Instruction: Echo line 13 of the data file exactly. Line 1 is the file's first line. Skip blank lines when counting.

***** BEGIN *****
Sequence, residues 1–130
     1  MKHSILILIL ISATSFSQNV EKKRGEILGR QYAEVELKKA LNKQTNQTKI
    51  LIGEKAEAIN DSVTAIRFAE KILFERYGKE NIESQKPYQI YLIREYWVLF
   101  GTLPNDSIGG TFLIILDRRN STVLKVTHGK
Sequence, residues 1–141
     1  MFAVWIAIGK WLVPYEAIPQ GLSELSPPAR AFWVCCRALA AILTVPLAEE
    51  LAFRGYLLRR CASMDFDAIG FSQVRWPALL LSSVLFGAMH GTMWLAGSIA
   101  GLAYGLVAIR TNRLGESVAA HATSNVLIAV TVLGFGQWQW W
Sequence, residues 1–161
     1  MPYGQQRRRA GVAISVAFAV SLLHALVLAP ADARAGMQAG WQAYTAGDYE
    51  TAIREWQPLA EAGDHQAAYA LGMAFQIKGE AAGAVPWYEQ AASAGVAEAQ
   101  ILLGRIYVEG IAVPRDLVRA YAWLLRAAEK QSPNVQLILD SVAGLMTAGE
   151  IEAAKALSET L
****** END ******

   151  IEAAKALSET L